The Orville Season One review: Is Seth MacFarlane’s Star Trek homage worth catching up on?

Seth MacFarlane takes on sci-fi comedy with The Orville but is it a must-see?

Let’s kick this review off with a pretty bold statement: almost all of the critics who previously passed judgement on The Orville when it aired across the pond were wrong. Yes, we said it… The Orville is not the terminally bland car crash show you’ve been led to believe.

Created by Seth MacFarlane, this genuinely hilarious sci-fi comedy successfully manages to mix silly gags and that encompassing “humanity can do better” ideal behind the show on which it’s so obviously based, without ever laying on the life lessons too thick. It’s optimistic, relatively light-hearted and full of characters that are fun to hang out with. Quite frankly, what more could you want?

It centres on the careers and personal lives of the people aboard Planetary Union ship the USS Orville, particularly the motley crew that run its exploratory missions. Among them is newly-appointed Captain Ed Mercer (MacFarlane), who’s still trying to move on from the fact that his wife cheated on him over a year ago, crude prankster/helmsman Gordon Malloy, single mother and Doctor Claire Finn and oh, Ed’s first officer who just so happens to be his ex, Kelly Grayson.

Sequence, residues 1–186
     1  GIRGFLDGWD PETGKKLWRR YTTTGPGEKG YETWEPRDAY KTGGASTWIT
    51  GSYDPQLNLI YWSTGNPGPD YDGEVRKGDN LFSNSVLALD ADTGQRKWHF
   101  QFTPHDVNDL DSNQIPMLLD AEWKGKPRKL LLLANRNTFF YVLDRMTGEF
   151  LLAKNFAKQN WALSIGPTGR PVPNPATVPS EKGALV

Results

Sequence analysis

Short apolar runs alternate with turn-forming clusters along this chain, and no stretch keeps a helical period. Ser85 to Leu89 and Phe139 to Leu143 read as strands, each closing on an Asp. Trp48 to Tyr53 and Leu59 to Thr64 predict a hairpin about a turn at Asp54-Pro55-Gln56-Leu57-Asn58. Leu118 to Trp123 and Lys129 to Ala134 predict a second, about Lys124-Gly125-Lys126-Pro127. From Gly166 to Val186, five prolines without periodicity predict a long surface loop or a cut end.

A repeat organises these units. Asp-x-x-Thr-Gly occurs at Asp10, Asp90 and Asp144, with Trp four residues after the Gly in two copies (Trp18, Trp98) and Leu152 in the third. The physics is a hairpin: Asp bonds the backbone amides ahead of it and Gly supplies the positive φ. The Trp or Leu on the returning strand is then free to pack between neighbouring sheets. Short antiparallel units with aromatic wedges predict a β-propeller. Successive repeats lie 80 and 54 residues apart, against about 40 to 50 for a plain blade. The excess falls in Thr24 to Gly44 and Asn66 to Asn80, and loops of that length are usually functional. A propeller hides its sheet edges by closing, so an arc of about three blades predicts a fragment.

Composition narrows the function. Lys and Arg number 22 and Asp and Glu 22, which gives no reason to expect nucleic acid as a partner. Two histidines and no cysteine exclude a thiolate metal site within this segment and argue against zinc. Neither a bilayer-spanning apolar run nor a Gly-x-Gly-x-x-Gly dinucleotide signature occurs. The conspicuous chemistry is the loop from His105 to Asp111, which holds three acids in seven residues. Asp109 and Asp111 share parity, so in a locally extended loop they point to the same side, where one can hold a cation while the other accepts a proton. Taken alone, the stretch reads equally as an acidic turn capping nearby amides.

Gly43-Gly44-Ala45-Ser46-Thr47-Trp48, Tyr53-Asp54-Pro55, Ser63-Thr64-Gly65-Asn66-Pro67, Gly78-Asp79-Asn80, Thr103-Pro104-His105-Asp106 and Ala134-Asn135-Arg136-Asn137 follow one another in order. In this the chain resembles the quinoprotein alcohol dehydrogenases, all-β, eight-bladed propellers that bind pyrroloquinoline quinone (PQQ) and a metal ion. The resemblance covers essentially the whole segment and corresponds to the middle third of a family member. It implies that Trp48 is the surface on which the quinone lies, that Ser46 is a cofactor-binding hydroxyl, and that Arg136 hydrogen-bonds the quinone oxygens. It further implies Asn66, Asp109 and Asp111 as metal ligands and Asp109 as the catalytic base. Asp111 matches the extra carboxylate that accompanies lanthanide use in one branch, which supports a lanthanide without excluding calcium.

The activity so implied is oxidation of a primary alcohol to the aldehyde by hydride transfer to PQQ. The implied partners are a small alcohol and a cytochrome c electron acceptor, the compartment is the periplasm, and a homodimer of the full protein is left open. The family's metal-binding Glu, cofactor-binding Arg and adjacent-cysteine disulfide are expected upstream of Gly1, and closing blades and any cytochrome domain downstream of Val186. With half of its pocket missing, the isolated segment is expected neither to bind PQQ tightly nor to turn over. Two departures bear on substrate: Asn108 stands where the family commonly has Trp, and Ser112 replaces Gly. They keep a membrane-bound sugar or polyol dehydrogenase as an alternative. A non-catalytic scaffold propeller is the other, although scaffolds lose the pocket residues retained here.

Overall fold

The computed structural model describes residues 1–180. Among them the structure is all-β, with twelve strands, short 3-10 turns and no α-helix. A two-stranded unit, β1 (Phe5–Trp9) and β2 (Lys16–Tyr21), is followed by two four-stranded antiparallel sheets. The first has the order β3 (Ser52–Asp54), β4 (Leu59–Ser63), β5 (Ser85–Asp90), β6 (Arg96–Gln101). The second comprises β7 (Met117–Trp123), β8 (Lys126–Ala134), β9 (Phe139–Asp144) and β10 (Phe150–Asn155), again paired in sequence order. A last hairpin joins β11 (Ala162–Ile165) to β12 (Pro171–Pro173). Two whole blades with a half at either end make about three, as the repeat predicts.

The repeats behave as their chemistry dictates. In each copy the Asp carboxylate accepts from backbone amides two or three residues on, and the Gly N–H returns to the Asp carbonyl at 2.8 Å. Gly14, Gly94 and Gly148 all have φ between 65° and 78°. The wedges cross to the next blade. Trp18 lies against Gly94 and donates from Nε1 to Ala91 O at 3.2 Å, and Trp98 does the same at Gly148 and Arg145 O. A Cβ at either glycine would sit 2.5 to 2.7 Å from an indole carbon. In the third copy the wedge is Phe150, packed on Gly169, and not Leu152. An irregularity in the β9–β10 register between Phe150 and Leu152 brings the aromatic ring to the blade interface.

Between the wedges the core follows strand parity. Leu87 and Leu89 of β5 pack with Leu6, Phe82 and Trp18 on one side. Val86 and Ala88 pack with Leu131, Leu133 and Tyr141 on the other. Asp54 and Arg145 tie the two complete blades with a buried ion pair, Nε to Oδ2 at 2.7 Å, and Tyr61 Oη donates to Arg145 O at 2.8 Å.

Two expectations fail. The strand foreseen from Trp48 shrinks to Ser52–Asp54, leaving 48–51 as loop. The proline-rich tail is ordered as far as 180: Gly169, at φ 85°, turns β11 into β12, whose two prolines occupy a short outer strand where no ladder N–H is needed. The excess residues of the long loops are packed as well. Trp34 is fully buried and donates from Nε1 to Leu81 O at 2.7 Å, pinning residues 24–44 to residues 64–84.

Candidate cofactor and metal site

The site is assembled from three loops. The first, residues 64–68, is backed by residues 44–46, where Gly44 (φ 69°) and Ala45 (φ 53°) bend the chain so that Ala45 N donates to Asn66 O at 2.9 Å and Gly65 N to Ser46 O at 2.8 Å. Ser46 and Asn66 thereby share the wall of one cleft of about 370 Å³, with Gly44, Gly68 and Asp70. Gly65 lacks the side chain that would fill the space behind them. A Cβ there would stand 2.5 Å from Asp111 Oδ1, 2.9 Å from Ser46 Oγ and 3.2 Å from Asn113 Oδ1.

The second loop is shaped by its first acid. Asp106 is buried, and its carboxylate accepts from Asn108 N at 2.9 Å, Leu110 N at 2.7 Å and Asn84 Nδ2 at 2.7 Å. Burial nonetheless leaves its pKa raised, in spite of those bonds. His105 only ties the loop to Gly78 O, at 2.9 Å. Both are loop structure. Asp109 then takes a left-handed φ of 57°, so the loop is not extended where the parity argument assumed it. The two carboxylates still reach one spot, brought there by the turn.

It’s evident throughout that this show would never have worked so well if it hadn’t have been for The Orville’s fleshed-out characters and brilliant ensemble cast – among whom MacFarlane divides screen time effectively. Peter Macon nails every one-liner with his deadpan delivery of Commander Bortus and Halston Sage’s young Alara Kitan is as skilled at adding serious heart to the show as she is playing up her character’s inhuman strength for laughs. Meanwhile, J Lee portrays genius-disguised-as-a-lazy-layabout John LeMarr with ease.

The Orville really shines when it uses its players to lean into its more meaningful episodes. Black Mirror-inspired episode ‘Majority Rule’ explores themes such as prejudice, technology addiction and snappy judgements while ‘Firestorm’ sees Alara face crippling self-doubt.  Another standout sees Bortus and his life partner debate whether their newborn baby should have gender reassignment surgery. (The child was inexplicably born female while their race, the Moclans, is all male). Perhaps not the kind of deep stuff you’d expect from a mere “MacFarlane Star Trek spoof” now, huh?

But things aren’t all serious. Each episode boasts plenty of mystery, banter-filled humour and a plot that wouldn’t seem out of place in a big screen production starring Zoe Saldana, Zachary Quinto and Chris Pine. We’re quantum driving it to Season Two’s release date…